I have to assume he will be promoted next month and will see how his hit skill plays out against better pitching and fielding…more then likely his BABIP will level down to the .300/310 mark.
        What concerns me even more is his ISO….it really doesn’t reflect much improvement…but then it goes back to his competitions older experienced skill level.

      2. There are two type of players that consistently produce a higher BABIP:
        1. Power hitters.
        2. Elite speed players – due to ability to get infield hits and bunt hits.

        Tocci is neither.

        To give you a benchmark, last year in Clearwater, JP Crawford had a BABIP of .292 with an ISO of .131. And Crawford walks a LOT more than Tocci, which means that he likely works counts more and gets better balls to hit.

        So, this means that Tocci’s BABIP is over 100 points higher than Crawford’s while his ISO is 40 points lower. Guys..Tocci’s BABIP isn’t sustainable.

        I saw Tocci in a game last weekend. I have seen him for 3 years. I honestly was disappointed in his physical development. His legs are still toothpicks. And upper body does not show much size increase. He certainly does not hit the ball harder than JP nor is he so much faster that he will have a dramatically higher OB%.

        If you want to believe that he magically can place the ball where they ain’t, then go for it.

        1. Always the Tocci detractor. It’s still an early and a small sample size, but the improvement is very positive. And although it seems like he’s been in the org for 10 years, his age cannot be overlooked. I was a string bean like him, and didn’t start putting on good weight until I was 22 (now I can’t get rid of the bad weight). If he’s still built like Earthworm Jim in 2 years then maybe we hit the panic button

          Metrics are very important, and while he very well could be due for a swoon, I’m excited about the fact that he has more realistic potential than any OF on the big club, and possibly in the entire org – aside from Quinn.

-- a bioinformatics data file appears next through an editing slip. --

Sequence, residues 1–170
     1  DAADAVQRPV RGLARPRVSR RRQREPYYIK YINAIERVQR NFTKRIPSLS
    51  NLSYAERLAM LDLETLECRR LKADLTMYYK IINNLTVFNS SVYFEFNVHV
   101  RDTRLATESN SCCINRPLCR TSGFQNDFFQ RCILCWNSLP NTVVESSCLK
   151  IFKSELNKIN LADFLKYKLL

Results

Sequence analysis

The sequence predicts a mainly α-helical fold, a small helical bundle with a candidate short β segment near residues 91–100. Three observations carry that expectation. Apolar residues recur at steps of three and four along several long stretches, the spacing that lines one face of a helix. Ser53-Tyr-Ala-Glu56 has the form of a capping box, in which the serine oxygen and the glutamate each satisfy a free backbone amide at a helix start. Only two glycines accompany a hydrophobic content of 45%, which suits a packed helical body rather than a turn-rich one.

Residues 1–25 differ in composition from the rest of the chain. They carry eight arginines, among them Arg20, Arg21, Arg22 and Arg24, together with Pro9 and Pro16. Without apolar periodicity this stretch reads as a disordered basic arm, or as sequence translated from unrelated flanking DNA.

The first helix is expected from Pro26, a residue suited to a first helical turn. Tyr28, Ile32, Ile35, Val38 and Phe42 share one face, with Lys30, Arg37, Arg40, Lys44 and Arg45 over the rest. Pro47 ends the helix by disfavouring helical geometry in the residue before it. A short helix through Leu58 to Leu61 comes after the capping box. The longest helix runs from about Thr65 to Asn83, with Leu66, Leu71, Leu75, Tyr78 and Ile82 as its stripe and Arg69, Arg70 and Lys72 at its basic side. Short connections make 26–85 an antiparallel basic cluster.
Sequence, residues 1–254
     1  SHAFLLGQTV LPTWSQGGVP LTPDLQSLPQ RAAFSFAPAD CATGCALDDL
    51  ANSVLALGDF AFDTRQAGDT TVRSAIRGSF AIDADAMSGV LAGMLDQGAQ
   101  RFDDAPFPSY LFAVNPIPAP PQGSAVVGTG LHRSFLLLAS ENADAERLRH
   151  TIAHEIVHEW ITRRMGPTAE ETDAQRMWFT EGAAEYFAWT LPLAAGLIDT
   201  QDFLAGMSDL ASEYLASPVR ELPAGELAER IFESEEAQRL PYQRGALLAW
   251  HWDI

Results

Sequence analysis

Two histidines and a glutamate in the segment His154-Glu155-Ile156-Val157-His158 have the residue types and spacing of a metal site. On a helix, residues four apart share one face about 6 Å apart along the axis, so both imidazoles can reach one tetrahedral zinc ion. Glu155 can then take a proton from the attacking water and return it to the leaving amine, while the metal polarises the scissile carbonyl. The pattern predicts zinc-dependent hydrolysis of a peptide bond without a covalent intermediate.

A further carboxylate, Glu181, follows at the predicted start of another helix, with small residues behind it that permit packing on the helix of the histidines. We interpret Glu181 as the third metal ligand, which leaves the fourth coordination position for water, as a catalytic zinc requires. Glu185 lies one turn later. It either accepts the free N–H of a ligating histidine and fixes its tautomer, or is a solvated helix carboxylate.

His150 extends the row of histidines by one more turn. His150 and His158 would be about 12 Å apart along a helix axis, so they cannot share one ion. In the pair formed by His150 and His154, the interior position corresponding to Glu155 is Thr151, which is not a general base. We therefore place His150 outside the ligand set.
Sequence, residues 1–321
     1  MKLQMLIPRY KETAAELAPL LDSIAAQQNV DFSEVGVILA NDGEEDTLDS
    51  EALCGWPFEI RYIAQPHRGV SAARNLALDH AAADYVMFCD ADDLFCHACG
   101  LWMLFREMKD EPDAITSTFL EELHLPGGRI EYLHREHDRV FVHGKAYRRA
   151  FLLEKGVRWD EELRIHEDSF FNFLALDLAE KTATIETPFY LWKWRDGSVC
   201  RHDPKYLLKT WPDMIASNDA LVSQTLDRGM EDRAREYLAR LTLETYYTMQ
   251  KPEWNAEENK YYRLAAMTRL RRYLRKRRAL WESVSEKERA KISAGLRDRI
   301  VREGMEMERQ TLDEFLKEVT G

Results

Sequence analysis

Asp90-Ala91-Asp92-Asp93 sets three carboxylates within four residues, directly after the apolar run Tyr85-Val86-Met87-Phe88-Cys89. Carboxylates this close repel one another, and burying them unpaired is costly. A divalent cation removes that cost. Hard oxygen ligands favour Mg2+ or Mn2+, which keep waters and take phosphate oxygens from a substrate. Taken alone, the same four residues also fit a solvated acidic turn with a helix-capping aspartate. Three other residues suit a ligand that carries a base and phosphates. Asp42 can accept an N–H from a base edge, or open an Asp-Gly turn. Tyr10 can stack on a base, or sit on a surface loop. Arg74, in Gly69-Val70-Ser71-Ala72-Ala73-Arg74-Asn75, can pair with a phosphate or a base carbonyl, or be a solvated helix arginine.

2. These are all legitimate worries, but I don’t think his increased production this year is solely luck-driven (as the high BABIP concerns would suggest). He is hitting 25 percent more line drives this year compared to 2014 (20.5% vs. 16.1%). In 2013, his LD% was an ungodly 13.4. He is driving the ball much better, whether due to approach, pitch recognition, increased strength or a combination of the these.

      The glass-half-full take is that as he adds strength, he will continue his progress with making contact and driving the ball, hitting to the gaps and using his speed for extra bases.

      http://minorleaguecentral.com/player?pid=624636

      1. I’ve always hedged on Tocci I just thought he was too young to rank in the top 10 but now I don’t care what the BABIP says. He’s shown me enough thus far to say by seasons end even if the numbers come down that he deserves that distinction now.

        I have some real embarrASSments in my top 20 right now. Unless a couple guys really come on strong I’m looking at you Cozens, Green and Brown I will have a big shift in my June30 top 20.

        1. Agree DMAR….Cozens, Green and Brown are all really having a difficult time of it.
          Cozens I expected more from at this point of the season at CLW. After a pretty decent ABL winter campaign I thought he was really ready to come on the scene.

    3. Here are two 19-year-olds playing in Lakewood, both playing premium defensive positions:

      (1) Player A:
      Games: 60
      PAs: 268
      BABIP: .337
      Line Drive %: 14.7%
      ISO: .106